When you are starting to run low on medication, I recommend beginning to go through the refill process 2 weeks out. If it doesn’t go through with your pharmacy, it is likely because it’s too soon to refill with your insurance and they’ll let you know the earliest date you can refill so mark that on your calendar. If there are any issues with them being able to refill the medication due to supply, they should let you know when you talk to them as well. If that’s the case, I recommend calling your doctor’s office about the situation as soon as possible. They may have some resources to help you find it. If not, call the pharmaceutical company directly to see if they can help you locate any pharmacies that carry it.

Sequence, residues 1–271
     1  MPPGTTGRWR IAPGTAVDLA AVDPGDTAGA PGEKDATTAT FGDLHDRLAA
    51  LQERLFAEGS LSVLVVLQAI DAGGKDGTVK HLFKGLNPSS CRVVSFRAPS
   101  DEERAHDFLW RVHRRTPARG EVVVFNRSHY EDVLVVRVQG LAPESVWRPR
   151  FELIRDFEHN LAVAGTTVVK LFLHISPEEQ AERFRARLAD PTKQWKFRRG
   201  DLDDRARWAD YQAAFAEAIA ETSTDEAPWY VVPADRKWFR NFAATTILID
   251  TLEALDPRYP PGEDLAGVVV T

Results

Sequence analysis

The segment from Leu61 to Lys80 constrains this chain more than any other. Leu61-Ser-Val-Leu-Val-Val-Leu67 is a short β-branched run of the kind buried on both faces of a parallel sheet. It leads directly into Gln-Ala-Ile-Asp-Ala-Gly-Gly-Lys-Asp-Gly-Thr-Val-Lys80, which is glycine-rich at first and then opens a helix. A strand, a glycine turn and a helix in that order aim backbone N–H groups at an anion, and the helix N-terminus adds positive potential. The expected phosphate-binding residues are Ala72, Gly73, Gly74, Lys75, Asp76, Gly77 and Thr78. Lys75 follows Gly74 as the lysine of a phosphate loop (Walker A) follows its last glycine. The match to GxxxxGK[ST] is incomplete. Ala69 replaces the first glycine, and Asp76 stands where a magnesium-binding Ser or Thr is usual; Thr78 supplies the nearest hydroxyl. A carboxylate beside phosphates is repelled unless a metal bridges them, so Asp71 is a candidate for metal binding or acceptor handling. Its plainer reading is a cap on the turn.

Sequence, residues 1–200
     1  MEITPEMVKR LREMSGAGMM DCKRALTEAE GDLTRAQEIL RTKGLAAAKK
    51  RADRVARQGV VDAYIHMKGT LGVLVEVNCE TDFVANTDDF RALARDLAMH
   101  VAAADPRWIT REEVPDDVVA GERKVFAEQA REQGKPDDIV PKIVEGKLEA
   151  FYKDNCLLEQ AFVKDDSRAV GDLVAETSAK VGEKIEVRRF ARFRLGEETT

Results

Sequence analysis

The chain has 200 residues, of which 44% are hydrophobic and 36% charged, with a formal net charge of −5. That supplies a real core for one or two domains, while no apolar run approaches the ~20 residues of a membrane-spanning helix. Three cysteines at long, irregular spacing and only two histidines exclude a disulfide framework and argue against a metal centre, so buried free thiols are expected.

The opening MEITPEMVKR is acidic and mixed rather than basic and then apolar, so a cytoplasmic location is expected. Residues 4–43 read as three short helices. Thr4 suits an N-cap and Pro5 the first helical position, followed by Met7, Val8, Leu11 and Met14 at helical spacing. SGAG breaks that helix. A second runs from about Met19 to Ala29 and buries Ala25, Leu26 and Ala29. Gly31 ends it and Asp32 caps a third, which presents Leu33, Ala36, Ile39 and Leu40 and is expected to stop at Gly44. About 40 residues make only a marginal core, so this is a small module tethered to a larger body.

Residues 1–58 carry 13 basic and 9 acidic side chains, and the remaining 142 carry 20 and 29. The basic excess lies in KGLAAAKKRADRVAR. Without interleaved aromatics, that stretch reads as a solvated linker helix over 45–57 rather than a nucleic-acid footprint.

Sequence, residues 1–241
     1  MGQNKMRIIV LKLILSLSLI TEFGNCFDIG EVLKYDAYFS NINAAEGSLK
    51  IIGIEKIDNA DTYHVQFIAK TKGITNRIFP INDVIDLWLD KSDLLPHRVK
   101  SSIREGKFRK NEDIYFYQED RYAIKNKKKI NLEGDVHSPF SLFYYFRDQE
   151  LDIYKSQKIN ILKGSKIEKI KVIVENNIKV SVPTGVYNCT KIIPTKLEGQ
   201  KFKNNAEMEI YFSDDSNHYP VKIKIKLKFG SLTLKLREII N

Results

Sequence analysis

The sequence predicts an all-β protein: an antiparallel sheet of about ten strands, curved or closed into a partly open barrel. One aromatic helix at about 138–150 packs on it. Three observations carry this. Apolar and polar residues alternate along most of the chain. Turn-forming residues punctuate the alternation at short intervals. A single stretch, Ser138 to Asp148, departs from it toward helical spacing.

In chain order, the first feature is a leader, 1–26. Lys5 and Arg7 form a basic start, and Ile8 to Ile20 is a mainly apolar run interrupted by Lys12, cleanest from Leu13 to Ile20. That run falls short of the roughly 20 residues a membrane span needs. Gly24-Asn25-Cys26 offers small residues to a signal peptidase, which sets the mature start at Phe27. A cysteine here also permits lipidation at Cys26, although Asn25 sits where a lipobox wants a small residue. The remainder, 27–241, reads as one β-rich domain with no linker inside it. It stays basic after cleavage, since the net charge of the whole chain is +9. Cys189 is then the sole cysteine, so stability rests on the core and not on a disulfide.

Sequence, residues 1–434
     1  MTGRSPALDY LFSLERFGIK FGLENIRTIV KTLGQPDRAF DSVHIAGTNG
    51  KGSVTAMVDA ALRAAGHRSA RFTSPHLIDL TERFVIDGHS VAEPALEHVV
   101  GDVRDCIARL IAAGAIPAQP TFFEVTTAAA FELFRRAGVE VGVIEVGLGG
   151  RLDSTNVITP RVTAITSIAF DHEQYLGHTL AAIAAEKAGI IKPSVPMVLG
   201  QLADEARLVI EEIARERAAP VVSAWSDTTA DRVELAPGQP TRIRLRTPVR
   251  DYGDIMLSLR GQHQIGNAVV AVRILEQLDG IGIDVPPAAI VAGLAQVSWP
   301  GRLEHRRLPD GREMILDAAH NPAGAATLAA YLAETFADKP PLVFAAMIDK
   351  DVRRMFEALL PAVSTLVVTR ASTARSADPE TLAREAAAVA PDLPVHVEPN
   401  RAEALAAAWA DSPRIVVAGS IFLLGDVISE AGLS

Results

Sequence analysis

When you need help paying for it, most pharmaceutical companies have programs to help you get your medication. Call or email them directly and ask what kind of medication coverage help they have available. If you visit the drug website, they may also have something like a “Patient Savings Program” you can apply to and download the card to get savings on your co-pay if you qualify. For example: here is a savings program for Oxtellar XR and options of their coverage and payment assistance. Sometimes you also have to go through paperwork with your doctor’s office and if you have trouble finding any options online, I recommend contacting your doctor’s office. They should have resources and point you in the right direction. Most programs are based on your income. If your doctor’s office can’t help you at all, that says a lot (as I have learned over the years), and I seriously recommend looking for a new doctor. Both neurologists and epileptologists are available today. I’ve also learned recently that if you can see doctors in a hospital ranked as a Level 4 Epilepsy Center that is ideal. Even if you don’t live in the area, the pandemic has made it easier to have virtual doctor’s appointments, and most advanced hospitals have these options available now, so don’t let location keep you from the opportunity to see better doctors. These are golden nuggets of information for those of you reading this article; please take them! The main challenge today is continuing to have long wait times to see your doctors and we are working on that!